Driving home, warm in the afterglow, I knew that something had shifted in me —not a sea change tsunami of the soul, but something more subtle, like a minute hand moving one click closer to the hour. I hadn’t changed one bit at Beth Pinchas; I was too distracted by the chlorine, the mold, and the lurid surroundings. In the bath at Mayyim Hayyim, though, the silence had allowed my subconscious to crack open, just a little. I relate best to the world through my fiction, so maybe it was no surprise that what crept though was the idea for my next short story.
When it comes to negotiating my way through life, I’ve always been hesitant to ask for my pound of flesh, which may explain why I haven’t fulfilled my mother’s dream of becoming a lawyer. It’s also why—as my father, the lawyer, loves to point out—I didn’t earn my first dollar until I’d reached my late twenties. If I was so determined to be a Person of the Book, he wanted to know, why couldn’t I write at least one bestselling blockbuster, like his favorite writers Herman Wouk and Leon Uris?
As I write this, my first collection of short stories is the 1,161,399th best-selling book on Amazon.com. So I have written a bestseller, technically. But my book netted just a four-figure advance, and a few years ago I earned a total of $8,500 as a freelance writer and teacher. Now that my son has arrived, tearing locust-like through formula and diapers, I wonder how I am ever going to give him what he deserves—which is, of course, everything.
If you believe the popular stereotype, Jews are supposed to drive hard bargains, especially when money is concerned. But when my wife and I bought our first home, we settled right away on the asking price, afraid we might lose our dream house if we put up a fuss. I’ve given away short stories simply for the privilege of publication, traveled at my own expense to do free book readings, and, when I do get paid, I’ve waited with the patience of Job for the check to appear in my mailbox. I know I’m never going to earn a lot of money, but I should at least know how to cut a decent deal.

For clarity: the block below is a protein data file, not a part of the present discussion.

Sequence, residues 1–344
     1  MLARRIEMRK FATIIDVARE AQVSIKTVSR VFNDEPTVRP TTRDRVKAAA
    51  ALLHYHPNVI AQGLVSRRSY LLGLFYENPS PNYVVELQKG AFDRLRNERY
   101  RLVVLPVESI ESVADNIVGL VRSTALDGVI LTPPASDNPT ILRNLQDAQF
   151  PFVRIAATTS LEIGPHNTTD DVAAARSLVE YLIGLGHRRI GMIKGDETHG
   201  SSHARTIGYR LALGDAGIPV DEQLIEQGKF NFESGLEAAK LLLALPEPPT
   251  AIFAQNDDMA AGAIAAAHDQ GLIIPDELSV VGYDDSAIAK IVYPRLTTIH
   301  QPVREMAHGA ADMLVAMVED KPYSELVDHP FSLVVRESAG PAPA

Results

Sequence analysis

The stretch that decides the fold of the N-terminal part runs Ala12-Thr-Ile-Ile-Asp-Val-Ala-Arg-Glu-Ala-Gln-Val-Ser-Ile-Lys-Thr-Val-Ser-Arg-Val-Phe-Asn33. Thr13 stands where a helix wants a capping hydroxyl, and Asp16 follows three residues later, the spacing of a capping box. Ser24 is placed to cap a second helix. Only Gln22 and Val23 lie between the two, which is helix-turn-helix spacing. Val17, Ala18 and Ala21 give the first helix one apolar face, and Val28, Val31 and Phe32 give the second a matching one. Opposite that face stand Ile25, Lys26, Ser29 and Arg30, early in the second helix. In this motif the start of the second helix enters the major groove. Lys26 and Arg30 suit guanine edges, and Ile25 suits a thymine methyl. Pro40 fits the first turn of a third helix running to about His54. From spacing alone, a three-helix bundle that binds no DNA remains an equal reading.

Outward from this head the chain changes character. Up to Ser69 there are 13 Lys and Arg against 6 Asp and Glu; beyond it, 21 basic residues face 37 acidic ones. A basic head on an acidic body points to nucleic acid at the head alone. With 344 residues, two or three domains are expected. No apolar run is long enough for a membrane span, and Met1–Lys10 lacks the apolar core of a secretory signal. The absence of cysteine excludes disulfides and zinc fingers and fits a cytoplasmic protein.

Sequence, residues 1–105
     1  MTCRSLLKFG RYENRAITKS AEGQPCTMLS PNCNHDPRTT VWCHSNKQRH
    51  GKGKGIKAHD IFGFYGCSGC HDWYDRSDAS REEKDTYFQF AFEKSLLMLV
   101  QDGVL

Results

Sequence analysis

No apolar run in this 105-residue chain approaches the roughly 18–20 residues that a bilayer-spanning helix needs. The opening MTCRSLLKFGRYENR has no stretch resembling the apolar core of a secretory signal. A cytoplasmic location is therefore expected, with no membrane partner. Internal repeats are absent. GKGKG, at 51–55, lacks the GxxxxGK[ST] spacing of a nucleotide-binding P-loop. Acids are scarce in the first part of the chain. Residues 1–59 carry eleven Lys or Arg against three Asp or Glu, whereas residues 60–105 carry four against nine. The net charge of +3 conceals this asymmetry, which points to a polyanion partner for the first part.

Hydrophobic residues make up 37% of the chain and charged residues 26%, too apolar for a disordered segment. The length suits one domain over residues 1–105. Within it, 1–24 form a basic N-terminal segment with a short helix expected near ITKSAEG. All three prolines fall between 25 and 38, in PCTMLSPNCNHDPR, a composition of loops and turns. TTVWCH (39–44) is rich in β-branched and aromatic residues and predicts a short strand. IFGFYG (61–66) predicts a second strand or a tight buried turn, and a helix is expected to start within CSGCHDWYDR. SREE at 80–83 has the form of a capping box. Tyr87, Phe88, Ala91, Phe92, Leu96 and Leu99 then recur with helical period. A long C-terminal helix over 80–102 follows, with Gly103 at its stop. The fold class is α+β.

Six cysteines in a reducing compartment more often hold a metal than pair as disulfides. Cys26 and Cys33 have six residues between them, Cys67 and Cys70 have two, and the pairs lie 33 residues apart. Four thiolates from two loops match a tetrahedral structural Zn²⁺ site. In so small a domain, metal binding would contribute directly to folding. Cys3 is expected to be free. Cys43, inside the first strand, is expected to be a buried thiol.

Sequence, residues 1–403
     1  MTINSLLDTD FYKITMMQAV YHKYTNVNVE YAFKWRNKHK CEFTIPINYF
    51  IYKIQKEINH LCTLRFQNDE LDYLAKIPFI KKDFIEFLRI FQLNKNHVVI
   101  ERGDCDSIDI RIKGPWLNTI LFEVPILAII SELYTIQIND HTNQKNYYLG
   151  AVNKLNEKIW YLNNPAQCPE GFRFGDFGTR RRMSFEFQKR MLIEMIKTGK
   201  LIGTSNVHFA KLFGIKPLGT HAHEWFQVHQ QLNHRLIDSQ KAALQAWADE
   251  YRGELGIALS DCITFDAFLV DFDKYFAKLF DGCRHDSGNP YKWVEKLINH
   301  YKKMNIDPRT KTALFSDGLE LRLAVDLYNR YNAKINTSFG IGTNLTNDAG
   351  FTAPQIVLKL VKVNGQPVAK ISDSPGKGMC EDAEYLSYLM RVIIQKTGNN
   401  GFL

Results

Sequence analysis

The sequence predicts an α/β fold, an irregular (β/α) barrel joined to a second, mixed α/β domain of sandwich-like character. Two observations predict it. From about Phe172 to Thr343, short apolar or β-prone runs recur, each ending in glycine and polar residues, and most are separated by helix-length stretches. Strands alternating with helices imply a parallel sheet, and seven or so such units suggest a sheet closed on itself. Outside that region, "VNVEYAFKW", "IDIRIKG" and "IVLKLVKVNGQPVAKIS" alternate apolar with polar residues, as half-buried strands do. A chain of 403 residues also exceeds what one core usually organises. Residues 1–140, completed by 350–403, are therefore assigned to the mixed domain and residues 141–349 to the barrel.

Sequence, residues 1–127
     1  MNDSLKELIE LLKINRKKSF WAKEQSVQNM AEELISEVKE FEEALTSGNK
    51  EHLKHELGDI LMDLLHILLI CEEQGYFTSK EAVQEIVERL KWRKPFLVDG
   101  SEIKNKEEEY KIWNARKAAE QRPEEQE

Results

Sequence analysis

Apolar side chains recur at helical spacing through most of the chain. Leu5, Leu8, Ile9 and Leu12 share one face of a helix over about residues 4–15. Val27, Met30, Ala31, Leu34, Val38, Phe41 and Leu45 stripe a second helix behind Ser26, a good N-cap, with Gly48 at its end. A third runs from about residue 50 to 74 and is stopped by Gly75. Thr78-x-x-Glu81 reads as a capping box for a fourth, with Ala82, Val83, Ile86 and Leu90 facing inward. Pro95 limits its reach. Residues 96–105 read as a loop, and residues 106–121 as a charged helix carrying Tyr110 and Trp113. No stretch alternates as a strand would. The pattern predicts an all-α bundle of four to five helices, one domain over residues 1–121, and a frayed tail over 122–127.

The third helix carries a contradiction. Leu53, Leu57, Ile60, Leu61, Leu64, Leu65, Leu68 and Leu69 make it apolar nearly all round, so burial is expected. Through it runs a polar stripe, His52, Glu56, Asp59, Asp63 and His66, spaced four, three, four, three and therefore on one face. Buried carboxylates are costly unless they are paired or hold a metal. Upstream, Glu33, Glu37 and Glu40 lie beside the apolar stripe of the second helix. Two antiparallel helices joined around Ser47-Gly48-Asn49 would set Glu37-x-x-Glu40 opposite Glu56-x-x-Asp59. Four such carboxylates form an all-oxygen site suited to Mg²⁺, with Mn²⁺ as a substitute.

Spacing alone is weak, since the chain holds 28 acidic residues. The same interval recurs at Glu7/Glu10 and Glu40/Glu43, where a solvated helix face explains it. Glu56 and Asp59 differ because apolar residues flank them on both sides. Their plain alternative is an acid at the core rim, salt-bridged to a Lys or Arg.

Clearly, I needed someone to unleash my inner macher. So I went to see Moshe Cohen, president of The Negotiating Table, a Boston-area company specializing in mediation skills and conflict management. Cohen teaches a course on negotiation at Boston University’s School of Management and has advised many large corporations. He charges a hefty fee, but I stood my ground and refused to pay it—at least I would have, but it never came up.
Much to my relief, Cohen insisted that I wasn’t alone: he has seen plenty of Jews like me, Jews who are not good at getting what they want. Cohen, who was born in Israel, said that my problem has a lot to do with growing up in North America. “Anywhere outside of the US and Canada,” he said, “people are always negotiating everything.” As immigrants, previous generations of Jews brought that wheeler-dealer mentality with them. It had long been a survival skill. The fact that Jews historically could not own land drove them into professions such as banking, money-lending, and commerce, all of which consist mainly of prolonged haggling. And, of course, Jews have been negotiating with a silent God for thousands of years praying for Redemption.
In a typical Jewish household, particularly at mealtime, opinions, questions, and challenges fly back and forth with ferocious intensity, creating a sort of minor-league negotiating table where all family members are free to take a stance and swing. And they do, often simultaneously. I think back to the Passover Seders of my youth. When the family elder asked how much I wanted for finding the Afikomen, it was a signal to me that a battle of wills was underway. My opening—and only—gambit: shrug my shoulders and proclaim that I haven’t got a clue. Clearly, I still have a lot to learn.
Determined to toughen me up, Cohen left me with this challenge: find ten people who would say “no” to me. It may seem counterintuitive, but it turns out that it is much easier to get a “yes” than a “no.” Most people don’t want conflict.